May 07, 2015
2 min read

Endoscopic training program improves adenoma detection rate long term

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Improvements in adenoma detection rates achieved through an endoscopic quality improvement training program had long-term stability, according to recent study data.

“In our first randomized controlled trial (EQUIP-1), we demonstrated that even very high adenoma detection rates (36%) could be improved (to 47%),” Michael B. Wallace, MD, MPH, from Mayo Clinic in Jacksonville, Florida, told Healio Gastroenterology. “We were not sure at that time if the improvement was just due to the physicians knowing they were being watched/studied (called the Hawthorne effect). To address this, we did a follow-up study (EQUIP-2) after the original research program ended and physicians were just practicing as normal.”

Michael B. Wallace

In EQUIP-1, 15 staff endoscopists at a single tertiary care center were randomly assigned to a supplemental education program or continue with usual practice. In the first phase of this initial study, adenoma detection rates were measured during a 3-month period in all endoscopists before any intervention, and in the second phase, adenoma detection rates were measured during another 3-month period after the educational program. In the EQUIP-2 follow-up study, or phase 3, the same endoscopists were followed for an additional 5 months, during which time they performed 1,200 screening and surveillance colonoscopies.

“In this follow-up study, we found that the physicians who had originally increased their adenoma detection rate to 47% maintained that very high level (46%),” Wallace said. “Thus, the EQUIP training appears to have a durable benefit of improving the quality of colonoscopy.”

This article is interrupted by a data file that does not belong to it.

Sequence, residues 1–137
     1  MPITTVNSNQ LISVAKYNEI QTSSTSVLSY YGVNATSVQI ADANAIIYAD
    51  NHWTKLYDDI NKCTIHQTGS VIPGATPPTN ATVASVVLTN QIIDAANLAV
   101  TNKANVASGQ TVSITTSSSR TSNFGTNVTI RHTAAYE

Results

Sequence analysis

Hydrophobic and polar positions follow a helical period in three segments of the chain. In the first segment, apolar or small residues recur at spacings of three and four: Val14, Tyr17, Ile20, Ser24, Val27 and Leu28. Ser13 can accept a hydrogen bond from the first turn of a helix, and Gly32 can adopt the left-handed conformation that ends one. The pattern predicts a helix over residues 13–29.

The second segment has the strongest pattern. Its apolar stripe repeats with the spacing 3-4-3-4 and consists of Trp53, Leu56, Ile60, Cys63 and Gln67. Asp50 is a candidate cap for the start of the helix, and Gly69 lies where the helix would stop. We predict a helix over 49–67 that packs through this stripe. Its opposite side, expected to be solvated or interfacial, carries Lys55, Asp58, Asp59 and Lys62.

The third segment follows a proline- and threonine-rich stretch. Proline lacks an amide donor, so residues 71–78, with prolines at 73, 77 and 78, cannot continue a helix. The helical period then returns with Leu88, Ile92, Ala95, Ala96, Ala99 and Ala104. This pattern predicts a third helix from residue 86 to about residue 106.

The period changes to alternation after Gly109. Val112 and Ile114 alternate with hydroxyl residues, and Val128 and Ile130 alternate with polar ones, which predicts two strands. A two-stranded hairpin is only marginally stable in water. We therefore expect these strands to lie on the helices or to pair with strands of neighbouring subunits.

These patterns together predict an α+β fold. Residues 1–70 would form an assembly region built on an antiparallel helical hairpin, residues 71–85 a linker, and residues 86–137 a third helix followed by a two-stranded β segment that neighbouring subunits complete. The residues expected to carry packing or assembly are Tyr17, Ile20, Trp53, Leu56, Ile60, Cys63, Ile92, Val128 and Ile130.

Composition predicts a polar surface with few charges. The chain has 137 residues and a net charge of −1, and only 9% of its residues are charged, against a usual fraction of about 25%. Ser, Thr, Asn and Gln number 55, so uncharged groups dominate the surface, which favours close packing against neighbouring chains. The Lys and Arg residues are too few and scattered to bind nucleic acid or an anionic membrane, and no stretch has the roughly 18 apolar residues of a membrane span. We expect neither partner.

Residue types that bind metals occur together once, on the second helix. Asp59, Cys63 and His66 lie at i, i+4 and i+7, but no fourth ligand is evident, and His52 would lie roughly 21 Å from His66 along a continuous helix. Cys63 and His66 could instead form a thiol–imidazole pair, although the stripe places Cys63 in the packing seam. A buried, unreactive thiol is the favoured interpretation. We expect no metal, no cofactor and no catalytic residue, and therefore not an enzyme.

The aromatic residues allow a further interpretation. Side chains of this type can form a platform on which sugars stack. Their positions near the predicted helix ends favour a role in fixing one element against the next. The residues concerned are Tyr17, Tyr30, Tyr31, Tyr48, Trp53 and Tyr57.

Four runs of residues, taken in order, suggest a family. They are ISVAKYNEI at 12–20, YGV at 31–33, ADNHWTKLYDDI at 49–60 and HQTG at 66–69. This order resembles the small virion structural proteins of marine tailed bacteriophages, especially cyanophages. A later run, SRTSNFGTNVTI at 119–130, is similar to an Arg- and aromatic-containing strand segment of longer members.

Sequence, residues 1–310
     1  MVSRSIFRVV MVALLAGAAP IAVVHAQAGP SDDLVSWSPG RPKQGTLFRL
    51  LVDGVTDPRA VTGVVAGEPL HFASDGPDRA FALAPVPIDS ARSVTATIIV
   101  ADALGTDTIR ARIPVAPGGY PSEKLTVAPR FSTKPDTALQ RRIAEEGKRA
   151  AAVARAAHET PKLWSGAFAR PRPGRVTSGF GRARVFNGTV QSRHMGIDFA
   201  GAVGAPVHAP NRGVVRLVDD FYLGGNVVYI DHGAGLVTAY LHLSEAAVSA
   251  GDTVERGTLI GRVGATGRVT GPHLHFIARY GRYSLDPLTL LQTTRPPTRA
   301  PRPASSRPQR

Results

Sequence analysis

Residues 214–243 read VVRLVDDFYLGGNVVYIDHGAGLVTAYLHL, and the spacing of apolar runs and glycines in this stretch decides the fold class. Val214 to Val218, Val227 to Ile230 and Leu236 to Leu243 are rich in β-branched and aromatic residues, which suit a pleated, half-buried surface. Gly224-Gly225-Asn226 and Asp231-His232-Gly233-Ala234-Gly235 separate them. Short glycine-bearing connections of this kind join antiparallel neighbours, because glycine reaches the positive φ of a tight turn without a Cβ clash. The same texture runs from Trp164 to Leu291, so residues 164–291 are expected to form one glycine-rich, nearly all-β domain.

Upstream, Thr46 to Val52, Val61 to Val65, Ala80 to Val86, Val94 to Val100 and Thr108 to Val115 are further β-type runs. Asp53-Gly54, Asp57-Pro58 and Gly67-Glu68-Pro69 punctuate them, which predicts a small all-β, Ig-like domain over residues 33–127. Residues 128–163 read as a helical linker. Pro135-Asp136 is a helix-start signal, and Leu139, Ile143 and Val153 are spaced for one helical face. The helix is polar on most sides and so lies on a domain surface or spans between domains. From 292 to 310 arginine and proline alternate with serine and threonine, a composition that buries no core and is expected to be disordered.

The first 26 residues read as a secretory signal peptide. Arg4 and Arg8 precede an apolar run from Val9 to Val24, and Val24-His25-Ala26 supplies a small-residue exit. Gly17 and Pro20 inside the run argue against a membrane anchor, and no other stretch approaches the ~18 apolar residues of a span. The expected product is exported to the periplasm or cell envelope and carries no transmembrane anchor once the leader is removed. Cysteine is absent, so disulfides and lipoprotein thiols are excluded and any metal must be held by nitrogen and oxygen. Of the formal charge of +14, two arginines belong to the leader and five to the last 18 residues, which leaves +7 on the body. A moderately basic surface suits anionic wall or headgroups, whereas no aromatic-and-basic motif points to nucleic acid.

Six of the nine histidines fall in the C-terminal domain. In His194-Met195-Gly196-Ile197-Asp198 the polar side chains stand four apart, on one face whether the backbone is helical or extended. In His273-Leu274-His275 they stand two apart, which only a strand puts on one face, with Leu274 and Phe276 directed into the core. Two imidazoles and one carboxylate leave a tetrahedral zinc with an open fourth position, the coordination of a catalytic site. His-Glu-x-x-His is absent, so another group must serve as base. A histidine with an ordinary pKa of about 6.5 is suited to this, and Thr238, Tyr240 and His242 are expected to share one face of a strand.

The estimated OR for detection of an adenoma in phase 3 vs. phase 1 was 1.56 (95% CI, 1.1-2.2) for the trained group, which was similar to that of phase 2 vs. phase 1 (1.59; 95% CI, 1.12-2.25).

“It should be emphasized that this quality is very high — more than double the national guidelines (20% at the time of the study, now 25%),” Wallace said. “It has been shown by other groups that having a colonoscopy by a physician with high adenoma detection rate (especially those over 33%) is associated with a more than 50% reduction in the risk of colon cancer and death from colon cancer compared to physicians with low (< 20%) adenoma detection rate.”

The researchers also measured the number of adenomas per patient to evaluate for an “inadvertent ‘one and done’ phenomenon whereby examination is less intensive after the first suspected adenoma is found.” They observed an immediate increase in the trained group after the educational program, from 0.72 to 0.87 adenomas per patient, and also a further increase in phase 3 to 0.98 adenomas per patient.

“We are now completing a much larger national trial in private practices throughout the U.S. to see if these results can be reproduced outside of referral centers of excellence such as Mayo Clinic,” Wallace said. – by Adam Leitenberger

Disclosure: The researchers report no relevant financial disclosures.